Proving causation in medical negligence can be tricky and difficult rather than straightforward and easy. This is majorly because we want to find out what would have really happened if there was no breach of duty by the defendant.
Again, where a medical negligence claim involves where the claimants were already ill before the alleged negligence and still remained ill even after treatment, which is most often the case in most medical negligence cases, it can be a complex situation.
The causation law can be quite confusing and that is why you need the right medical negligence solicitors to give you the legal help you need if you feel like you have a claim. When making the decision to make a medical negligence claim, you should be prepared to prove two key areas;
- That you received poor care or substandard treatment
- That the injury you suffered and are making claims for is as a direct result of the poor care received.
This is what is called proving breach of duty and causation.
What Is Causation In Medical Negligence?
Causation in a clinical negligence claim means establishing that the negligence of your healthcare provider or the breach of duty of care is the reason for the injury suffered.
Medical Law Negligence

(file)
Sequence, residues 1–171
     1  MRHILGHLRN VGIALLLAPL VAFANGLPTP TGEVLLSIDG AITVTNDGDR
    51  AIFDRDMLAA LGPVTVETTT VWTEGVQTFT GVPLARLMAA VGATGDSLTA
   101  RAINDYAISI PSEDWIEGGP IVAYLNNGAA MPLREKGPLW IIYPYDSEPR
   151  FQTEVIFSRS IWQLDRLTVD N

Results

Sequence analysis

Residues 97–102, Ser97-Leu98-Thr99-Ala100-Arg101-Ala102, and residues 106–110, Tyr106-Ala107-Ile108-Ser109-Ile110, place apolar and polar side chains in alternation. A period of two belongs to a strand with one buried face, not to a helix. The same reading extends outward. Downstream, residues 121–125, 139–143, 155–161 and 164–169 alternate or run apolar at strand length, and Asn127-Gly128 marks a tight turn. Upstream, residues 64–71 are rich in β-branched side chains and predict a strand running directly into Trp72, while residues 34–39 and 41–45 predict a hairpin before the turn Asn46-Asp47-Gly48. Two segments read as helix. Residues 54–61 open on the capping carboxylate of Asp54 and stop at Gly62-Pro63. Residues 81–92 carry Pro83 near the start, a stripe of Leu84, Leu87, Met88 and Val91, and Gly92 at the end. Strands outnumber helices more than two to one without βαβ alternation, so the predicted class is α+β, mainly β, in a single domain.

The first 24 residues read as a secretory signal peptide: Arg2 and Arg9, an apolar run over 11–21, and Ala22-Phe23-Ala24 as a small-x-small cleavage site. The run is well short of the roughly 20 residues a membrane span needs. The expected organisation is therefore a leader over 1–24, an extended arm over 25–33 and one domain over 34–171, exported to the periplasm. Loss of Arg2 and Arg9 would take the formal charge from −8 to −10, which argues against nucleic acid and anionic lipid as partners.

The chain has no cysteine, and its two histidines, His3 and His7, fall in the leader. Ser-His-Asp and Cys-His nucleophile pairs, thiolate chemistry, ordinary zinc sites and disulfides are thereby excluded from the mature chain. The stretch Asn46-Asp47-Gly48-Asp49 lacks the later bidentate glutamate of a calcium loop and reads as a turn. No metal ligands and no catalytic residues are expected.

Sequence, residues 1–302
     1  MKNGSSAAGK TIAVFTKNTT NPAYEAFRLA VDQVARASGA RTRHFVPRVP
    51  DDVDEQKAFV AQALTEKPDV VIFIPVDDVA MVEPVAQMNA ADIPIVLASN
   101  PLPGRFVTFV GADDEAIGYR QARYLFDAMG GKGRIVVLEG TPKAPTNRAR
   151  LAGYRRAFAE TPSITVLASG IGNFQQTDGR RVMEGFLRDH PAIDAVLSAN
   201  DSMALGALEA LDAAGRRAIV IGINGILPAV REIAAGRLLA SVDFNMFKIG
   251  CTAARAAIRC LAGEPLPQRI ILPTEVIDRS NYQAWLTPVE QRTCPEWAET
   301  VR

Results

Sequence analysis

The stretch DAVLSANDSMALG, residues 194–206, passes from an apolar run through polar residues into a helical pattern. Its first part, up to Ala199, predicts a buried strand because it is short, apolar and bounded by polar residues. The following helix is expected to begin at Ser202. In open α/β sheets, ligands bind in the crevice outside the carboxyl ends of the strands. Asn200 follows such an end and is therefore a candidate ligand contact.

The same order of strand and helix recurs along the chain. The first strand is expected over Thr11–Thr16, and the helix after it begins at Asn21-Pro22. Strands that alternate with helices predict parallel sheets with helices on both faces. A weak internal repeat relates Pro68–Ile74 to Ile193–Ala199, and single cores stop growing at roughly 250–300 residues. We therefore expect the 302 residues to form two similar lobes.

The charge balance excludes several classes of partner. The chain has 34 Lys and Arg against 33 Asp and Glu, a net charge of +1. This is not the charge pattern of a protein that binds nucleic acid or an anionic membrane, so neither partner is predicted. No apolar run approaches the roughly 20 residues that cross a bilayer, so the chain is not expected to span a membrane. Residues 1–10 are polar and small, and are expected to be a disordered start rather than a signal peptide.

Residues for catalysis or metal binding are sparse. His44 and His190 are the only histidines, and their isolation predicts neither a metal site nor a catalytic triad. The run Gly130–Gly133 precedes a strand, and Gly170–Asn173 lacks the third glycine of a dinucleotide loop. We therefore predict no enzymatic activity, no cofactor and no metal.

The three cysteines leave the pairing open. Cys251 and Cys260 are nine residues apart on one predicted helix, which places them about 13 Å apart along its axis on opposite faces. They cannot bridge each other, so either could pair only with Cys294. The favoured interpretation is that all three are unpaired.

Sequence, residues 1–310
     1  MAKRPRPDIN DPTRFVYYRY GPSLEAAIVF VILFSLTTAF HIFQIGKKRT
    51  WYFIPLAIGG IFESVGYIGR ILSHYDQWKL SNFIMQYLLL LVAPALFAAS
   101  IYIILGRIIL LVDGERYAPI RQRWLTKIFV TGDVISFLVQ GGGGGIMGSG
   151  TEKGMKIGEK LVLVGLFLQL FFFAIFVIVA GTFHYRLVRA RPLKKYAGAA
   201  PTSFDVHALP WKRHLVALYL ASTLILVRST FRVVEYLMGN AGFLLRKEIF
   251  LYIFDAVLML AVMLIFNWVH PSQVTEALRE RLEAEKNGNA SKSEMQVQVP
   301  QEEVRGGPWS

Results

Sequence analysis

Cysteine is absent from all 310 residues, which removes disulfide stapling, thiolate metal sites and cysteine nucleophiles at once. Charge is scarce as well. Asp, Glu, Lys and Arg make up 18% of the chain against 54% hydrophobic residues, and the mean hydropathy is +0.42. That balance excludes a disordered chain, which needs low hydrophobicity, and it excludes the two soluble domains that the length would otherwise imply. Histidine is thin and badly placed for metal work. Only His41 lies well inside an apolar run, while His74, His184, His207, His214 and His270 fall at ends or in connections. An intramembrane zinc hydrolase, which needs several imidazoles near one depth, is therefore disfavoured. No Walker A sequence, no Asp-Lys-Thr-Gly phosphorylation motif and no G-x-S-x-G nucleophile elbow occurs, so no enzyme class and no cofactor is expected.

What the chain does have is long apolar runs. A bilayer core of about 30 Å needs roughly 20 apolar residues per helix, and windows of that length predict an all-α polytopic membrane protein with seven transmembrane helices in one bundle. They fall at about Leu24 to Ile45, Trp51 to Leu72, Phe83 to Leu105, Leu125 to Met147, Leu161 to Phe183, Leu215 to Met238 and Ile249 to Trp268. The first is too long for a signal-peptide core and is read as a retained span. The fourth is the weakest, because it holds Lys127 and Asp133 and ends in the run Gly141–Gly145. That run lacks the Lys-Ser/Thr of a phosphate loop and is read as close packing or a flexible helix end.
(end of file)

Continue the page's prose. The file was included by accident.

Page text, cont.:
When establishing if negligence has occurred or not, the “but for” test is applied. This means, but for the negligence, would the claimant have sustained the injury? This hypothetical but crucial question is the key to any medical negligence claim.
For example, if there is a delay in administering a medication, the court will ‘but for the delay, would the injury or complication still have occurred?’ if the answer is no, then causation has been proven.
On the other hand, if the court finds out that the claimant would still have suffered the same fate even if the negligence did not occur, then causation has not been established and the claim will be unsuccessful regardless of the magnitude of the negligence of the healthcare provider.
Also, the court also puts into consideration the condition of the patient before undergoing the treatment. This is to establish if the underlying condition could also lead to complications even in the absence of a negligent treatment.
The onus therefore lies on the claimant to prove that the injury was solely as a result of the negligent treatment or poor care and not because of any underlying or pre-existing condition.
Proving Causation In Medical Negligence
In proving causation, it is important to isolate the effects of the injury or illness for which treatment was sought from the effects if the poor care received. Therefore, when proving if there was a breach of duty or not, independent medical experts in the relevant field are consulted to give their reports or opinion on whether causation can be proved.